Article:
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Construction is not for the faint-hearted

31 May, 2024

The business of building and renovating homes is unique in many ways. Anyone looking to start a home improvement or construction project must adhere to local building codes, health and safety legislation as well as regulation on work practices.

Many tasks carried out on a construction site also require construction workers to carry government-issued qualifications and certain construction projects need to be inspected and approved by authorized surveyors.

These regulations serve an important purpose. They are in place to ensure that construction quality is maintained throughout the project and in place to protect both customers and contracted workers. Responsible construction companies and other key trades, including general builders and specialist tradespeople, understand the importance of these regulations and follow these rigorously.


A very fragmented affair

The renovation and construction industry is unique in another aspect as well. Compared to many other industries, it is highly fragmented. As a rule of thumb, construction projects are completed in clearly defined sequential stages with specialized craftsmen working on their respective tasks, often independently.

As a result, achieving seamless and efficient collaboration and communication between the different craftsmen working on the same building site can sometimes be challenging. Estimated completion times may slip due to poor communication and a lack of sharing information. Unexpected situations such as material shortages and unusual curing and/or drying times may also cause delays and prevent upcoming tasks from commencing.


Compromises and Dreams

There is an old saying within the construction industry that goes something like this:” A completed construction project is the end result of a thousand compromises”. There is a high degree of truth in that. Buildings aren’t just made of concrete, bricks, and drywall. Buildings are envisioned and designed by creative minds and bought by customers who have their own expectations of what the completed building should look like.


The anatomy of failure

The reasons behind a failed project, however, can be both complex and convoluted. There are many ways in which a construction project can fail, including (but not limited to) the structural failure of a building, the financial failure of a construction project and the failure to meet customer expectations.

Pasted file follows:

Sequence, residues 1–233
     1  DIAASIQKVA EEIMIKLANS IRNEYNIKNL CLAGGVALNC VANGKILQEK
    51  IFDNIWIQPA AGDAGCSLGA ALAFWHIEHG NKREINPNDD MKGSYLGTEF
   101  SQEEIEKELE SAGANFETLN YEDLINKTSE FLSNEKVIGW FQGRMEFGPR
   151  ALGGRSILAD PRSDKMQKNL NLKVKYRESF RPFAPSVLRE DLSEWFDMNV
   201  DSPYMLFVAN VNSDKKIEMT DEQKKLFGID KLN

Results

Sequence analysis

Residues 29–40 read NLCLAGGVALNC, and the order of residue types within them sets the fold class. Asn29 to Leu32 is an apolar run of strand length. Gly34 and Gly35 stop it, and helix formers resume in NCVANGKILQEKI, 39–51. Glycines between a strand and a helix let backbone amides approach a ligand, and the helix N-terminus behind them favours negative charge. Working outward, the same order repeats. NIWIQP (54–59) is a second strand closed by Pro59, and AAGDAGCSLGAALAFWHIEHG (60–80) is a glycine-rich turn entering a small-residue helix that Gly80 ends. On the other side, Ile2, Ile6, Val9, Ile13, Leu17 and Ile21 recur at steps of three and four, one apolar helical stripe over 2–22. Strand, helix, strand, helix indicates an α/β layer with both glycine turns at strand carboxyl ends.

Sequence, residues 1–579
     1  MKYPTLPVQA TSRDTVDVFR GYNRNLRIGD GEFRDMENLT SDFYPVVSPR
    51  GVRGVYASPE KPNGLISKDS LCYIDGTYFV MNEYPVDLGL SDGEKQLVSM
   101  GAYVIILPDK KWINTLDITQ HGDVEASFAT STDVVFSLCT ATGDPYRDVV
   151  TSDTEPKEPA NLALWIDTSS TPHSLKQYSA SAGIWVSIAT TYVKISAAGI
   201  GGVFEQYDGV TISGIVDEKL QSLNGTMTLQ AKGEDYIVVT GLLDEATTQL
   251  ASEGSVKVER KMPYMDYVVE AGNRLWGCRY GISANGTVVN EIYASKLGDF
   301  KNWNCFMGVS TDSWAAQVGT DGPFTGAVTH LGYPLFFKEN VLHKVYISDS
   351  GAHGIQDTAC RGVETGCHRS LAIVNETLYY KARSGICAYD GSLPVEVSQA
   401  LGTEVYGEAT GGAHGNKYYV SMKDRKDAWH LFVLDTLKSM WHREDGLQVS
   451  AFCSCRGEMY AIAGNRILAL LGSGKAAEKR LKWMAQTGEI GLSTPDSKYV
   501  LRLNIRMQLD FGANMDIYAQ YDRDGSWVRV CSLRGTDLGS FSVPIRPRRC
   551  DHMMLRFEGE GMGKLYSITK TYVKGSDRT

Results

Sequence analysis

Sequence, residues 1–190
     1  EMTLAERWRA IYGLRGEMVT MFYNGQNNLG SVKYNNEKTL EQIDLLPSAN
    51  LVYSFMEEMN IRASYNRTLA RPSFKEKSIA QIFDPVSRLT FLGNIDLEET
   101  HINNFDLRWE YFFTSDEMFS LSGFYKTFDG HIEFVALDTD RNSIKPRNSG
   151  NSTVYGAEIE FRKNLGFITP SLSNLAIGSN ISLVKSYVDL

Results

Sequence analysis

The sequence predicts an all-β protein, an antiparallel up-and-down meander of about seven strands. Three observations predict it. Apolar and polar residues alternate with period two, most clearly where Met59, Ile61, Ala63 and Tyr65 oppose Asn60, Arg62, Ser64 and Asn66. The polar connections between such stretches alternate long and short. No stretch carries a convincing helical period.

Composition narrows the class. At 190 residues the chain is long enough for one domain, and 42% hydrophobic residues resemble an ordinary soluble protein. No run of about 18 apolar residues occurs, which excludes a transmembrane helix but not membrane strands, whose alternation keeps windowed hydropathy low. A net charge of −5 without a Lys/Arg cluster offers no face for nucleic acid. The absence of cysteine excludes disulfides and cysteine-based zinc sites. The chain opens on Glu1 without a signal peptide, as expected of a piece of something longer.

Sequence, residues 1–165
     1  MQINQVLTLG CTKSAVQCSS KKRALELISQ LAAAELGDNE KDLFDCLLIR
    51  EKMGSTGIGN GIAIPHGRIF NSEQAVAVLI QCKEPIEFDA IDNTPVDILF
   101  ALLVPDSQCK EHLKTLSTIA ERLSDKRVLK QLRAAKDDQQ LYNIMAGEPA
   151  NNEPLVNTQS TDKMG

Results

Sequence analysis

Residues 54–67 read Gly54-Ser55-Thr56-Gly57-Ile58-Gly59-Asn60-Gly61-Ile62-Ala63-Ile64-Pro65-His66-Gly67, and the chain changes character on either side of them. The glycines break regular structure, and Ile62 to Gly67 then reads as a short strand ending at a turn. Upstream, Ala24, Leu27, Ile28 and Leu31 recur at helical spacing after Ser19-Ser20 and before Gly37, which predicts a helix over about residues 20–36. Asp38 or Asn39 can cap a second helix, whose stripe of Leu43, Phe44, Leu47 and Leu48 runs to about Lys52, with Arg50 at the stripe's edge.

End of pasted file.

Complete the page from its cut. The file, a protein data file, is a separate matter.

Here are the most common reasons why construction projects fail:

1. Balancing Time Estimates with Actual Time Spent
2. Unclarity on what was agreed
3. Capturing information for reporting purposes
4. Customers not understanding the cost implications of their decisions
5. Signs of Progress not always visible to the customer
6. Lack of Reliable Documentation after the Construction Project
7. Lack of instructions to complete the task correctly
8. Lack of real two-way communication


How Buildbite helps with features

For us at Buildbite, it's clear that the root of most failures is poor collaboration and communication. Here's the good news. It's a problem that can be fixed. We set out to fix this problem by creating Buildbite. Buildbite is the only tool on the market that solves the issues associated with collaboration and communication.



How Buildbite's licensing model helps

Unlike most other solutions, our business model is not based on charging our customers on a per-user basis. It's our firm belief that this would only further the divide and the fragmented nature of the industry. This is because most construction crews are often fluid throughout a project and may consist of a large number of specialists and tradesmen engaged on a need-only basis.

Charging on a per-user basis is disincentivizing customers to deploy productivity-enhancing tools to all team members. All in all, we think we have something going for us.

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